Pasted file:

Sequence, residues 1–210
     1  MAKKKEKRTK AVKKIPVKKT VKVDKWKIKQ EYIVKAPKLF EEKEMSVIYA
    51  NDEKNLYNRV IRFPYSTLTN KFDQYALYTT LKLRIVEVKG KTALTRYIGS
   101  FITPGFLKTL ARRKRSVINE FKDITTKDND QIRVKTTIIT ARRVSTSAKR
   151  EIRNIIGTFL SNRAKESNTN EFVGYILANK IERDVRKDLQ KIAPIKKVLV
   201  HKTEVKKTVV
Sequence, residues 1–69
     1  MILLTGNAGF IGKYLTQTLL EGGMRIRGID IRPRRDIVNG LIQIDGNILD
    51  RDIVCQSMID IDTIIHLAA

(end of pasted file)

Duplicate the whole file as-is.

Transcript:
Sequence, residues 1–210
     1  MAKKKEKRTK AVKKIPVKKT VKVDKWKIKQ EYIVKAPKLF EEKEMSVIYA
    51  NDEKNLYNRV IRFPYSTLTN KFDQYALYTT LKLRIVEVKG KTALTRYIGS
   101  FITPGFLKTL ARRKRSVINE FKDITTKDND QIRVKTTIIT ARRVSTSAKR
   151  EIRNIIGTFL SNRAKESNTN EFVGYILANK IERDVRKDLQ KIAPIKKVLV
   201  HKTEVKKTVV
Sequence, residues 1–69
     1  MILLTGNAGF IGKYLTQTLL EGGMRIRGID IRPRRDIVNG LIQIDGNILD
    51  RDIVCQSMID IDTIIHLAA